We’ve seen hints of this type of technology before, but what’s impressive is Apple’s implementation and focus on the overall experience. By studying the creative choices of DPs in order to train the autofocus algorithms, you start with footage that, in all likelihood, will already look good – far better than video that relies on simpler algorithms like center-priority or nearest-priority autofocus (with face detection sprinkled in). Including intuitive ways to take control – tapping and double tapping – ensure you can work around automatic choices you disagree with.
Finally, the ability to make creative decisions around focus and depth of field after-the-fact could revolutionize not just mobile cinematography, but cinematography in general, allowing cinematographers and directors to focus on other creative choices, or the action and the moment during filming.
The quality of the depth-of-field effect remains to be seen, but it’s likely similar to what we see in wide-angle portrait mode. And there are bound to be limitations. We can clearly see some breathing in the racking examples for starters, as if the camera is hunting to confirm focus. And if a subject isn’t already reasonably in focus to begin with (the equivalent aperture is now F6.8 on the Pro models), it won’t get very sharp if you choose to refocus onto it. Furthermore, if focus is already racking in a clip, we imagine it’d be difficult if not impossible to change or reverse it!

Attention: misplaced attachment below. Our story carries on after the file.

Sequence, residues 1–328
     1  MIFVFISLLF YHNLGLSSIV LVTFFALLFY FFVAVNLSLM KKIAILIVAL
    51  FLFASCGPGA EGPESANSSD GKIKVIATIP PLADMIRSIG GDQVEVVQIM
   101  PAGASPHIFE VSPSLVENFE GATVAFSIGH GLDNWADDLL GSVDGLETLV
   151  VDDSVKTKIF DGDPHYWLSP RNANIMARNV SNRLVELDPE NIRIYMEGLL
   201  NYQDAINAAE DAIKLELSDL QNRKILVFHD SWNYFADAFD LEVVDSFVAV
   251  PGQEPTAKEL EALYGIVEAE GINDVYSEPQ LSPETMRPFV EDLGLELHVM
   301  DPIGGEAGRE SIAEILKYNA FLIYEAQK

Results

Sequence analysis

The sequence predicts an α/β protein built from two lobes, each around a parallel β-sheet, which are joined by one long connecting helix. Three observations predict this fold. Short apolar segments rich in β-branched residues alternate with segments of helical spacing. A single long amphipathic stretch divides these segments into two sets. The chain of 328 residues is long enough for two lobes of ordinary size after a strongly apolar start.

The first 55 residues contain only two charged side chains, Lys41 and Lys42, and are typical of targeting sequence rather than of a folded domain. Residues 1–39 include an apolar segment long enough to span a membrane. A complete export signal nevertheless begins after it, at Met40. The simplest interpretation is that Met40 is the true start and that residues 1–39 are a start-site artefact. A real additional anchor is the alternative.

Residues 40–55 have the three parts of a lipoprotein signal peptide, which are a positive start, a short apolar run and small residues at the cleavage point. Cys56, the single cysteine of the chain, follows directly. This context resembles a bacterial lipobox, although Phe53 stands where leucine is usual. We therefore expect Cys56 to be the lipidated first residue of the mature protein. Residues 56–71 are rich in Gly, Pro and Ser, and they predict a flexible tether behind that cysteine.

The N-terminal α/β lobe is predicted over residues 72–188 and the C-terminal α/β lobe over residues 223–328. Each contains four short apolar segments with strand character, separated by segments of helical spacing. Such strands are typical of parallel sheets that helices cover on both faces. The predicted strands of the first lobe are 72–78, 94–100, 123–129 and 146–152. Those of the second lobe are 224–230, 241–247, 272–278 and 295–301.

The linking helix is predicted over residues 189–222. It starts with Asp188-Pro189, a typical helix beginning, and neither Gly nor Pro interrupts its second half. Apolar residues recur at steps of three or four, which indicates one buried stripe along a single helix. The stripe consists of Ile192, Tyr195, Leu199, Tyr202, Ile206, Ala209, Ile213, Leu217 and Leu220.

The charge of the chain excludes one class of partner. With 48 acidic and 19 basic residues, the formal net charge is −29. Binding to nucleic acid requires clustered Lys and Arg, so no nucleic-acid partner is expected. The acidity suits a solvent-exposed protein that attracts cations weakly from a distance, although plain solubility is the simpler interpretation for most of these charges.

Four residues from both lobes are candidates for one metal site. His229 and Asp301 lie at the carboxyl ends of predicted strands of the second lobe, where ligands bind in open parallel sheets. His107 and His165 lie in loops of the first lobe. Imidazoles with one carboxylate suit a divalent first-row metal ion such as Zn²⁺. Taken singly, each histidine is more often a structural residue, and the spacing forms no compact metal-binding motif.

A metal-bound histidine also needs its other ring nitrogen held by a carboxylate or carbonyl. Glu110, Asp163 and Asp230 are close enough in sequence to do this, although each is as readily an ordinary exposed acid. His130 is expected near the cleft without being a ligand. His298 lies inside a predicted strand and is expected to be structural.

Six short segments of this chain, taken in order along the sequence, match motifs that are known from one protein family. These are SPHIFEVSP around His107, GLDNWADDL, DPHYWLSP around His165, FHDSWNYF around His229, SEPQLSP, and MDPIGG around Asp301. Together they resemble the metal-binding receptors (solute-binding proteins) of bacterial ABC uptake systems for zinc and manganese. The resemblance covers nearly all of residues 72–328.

*Technically, Apple could also use its dual-pixel split photodiode sensor to augment the depth map generated from the pair of cameras, but Apple has never confirmed nor denied this approach when we’ve asked as to whether it’s considered it for its stills Portrait Mode.
For now, Cinematic Mode is limited to 1080p at 30 fps. However, it’s available in Dolby Vision HDR mode, which intelligently grades each frame of footage and uses dynamic metadata to expand output dynamic range, ensuring that HDR footage doesn’t look flat when viewed on a compatible device. This mode also takes advantage of Wide Color Gamut (WCG), so that your footage displays colors beyond the limited sRGB or rec.709 color space.
Apple’s not the first manufacturer, by any means, to tackle the cinematography space. Samsung and Chinese manufacturers have already been toying with synthetic blur in video, and other manufacturers such as Sony have been taking video very seriously, releasing smartphones with fine control over shutter angle and not just HDR video capture but also HDR video playback in the form of output formats such as HDR10 much like Apple has done with Dolby Vision. The Xperia line has been outputting HDR video – not just HDR capture (don’t blame us for the confusion) – for some time now, with impressive results even up to 4K/120p, a format the iPhones cannot record in HDR.
But what Apple is trying to do is bring all these features that pros care about into a format that’s usable and nearly transparent for the masses. And that’s a noble goal. You can see Cinematic Mode in action in the video below, and as always, let us know what you think in the comments.